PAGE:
The LightDock Server
LightDock is a fully open-source framework for flexible protein-protein, protein-peptide and protein-DNA docking, based on a swarm intelligence optimization algorithm: Glowworm Swarm Optimization (GSO). The LightDock Server is a fully rewritten version of the LightDock framework into the Rust programming language for optimal speed and performance. Here, we show the general features of the service and will provide an step-by-step guide on how to submit and analyze a docking run.
This is the landing page. In the top left corner you can find the LightDock logo that, when clicked, it will get you back to the landing page. In the top left corner you can check the status of the queue, make use of our in house membrane builder, get help about certain features of the server, check four different examples with pre-calculated data and log in into your personal workspace.
You can also learn more about LightDock; the docking engine underneath the server. Moreover, you might check an extensive list of tutorials for the standalone version of the software and register, in order to have access to your personal workspace. Again, registration is not required. Finally, you can submit a docking run by clicking on Submit a new run.
First, you are asked to input a job name and two PDB formatted files for your receptor and ligand molecules. These molecules can be proteins, peptides or nucleic acids. After clicking on Next Step, and if there are no inconsistencies on the data, you will be directed the next step.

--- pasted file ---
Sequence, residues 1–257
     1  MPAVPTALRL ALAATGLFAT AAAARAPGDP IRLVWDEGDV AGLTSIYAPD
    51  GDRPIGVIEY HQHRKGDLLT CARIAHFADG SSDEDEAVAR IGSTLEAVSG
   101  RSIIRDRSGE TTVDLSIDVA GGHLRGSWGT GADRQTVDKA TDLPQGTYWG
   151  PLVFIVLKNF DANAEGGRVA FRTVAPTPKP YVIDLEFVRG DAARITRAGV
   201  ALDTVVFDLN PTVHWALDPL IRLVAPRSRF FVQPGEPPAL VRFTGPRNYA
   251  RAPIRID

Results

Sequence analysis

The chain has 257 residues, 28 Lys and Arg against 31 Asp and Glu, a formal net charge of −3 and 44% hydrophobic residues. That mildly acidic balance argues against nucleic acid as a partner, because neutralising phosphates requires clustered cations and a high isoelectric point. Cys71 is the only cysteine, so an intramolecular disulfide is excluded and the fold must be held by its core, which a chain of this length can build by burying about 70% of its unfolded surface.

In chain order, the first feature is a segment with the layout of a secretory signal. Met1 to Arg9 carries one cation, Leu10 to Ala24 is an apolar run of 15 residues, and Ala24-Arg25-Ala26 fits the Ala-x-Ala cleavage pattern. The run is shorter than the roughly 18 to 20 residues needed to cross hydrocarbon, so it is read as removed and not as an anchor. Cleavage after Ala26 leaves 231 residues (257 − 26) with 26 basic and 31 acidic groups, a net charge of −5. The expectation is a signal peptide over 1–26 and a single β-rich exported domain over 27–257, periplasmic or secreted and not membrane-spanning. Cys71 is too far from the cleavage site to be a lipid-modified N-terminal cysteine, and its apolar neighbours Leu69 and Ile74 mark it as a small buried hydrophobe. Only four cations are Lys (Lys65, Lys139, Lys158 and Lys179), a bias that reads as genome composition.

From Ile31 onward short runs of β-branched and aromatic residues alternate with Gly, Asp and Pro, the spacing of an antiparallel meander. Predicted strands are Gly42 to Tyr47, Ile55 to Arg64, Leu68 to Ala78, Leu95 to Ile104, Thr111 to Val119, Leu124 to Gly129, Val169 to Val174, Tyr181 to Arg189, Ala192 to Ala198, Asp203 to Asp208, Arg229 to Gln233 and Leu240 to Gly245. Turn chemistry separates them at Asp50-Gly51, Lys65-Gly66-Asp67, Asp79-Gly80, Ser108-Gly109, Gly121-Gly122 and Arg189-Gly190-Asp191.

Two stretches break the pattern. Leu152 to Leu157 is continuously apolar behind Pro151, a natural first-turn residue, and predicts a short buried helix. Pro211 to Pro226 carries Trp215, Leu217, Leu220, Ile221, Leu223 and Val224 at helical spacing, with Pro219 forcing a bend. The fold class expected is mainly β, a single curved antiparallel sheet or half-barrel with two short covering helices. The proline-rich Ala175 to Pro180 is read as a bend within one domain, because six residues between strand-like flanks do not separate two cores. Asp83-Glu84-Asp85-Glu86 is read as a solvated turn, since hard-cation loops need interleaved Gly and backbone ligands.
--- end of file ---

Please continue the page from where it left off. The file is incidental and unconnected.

Here, you are able to inspect your molecules and you are required to select the molecule type of your molecules. In this case, we select Protein for both the receptor and ligand. Next, if wanted, you can define residue restraints for either the receptor or both the receptor and ligand. Retraints are defined in the form of E.24,E.25, where E stands for the chain ID and the number for the residue number. Please note that defining restraints only on the ligand is not allowed to avoid wasting precious computational resources. If this is the case, simply swap both inputs on Step 1 by clicking on Start over. After clicking on Next Step and if there are no inconsistencies on the data, you will be directed the next step.
In this screen, the residue restraints defined in the previous step will show as ball and stick representation (pink) and molecules can be inspected for the last time before submission. Also, in this step you can enable (disabled by default) flexibility on either or both molecules. Once everything is set, you can submit your docking by clicking on Submit Job.
Once submitted, the server will inform you about the status of your run. This is the time where you should bookmark the URL in order to retrieve the resultslater on. If you are a registered user, the job will be automatically stored in your personal workspace.
As soon as the run finishes, results will automatically show. The Top 5 models will show in the graphical interface for inspection. Moreover, the full run might be downloaded as a compressed file. On the bottom of the results page, all results are showed in a table and each individual complex can be downloaded by clicking on its corresponding scoring value.
Once your account is activated, you can log in into your personal workspace. In this space, you will be able to manage past, present and future jobs. You can start a new job, or list all of your active or outdated jobs. Also, you can go to the results page by clicking on the job name or you can cancel/delete any of your jobs.
Should you have questions, please join us on Slack.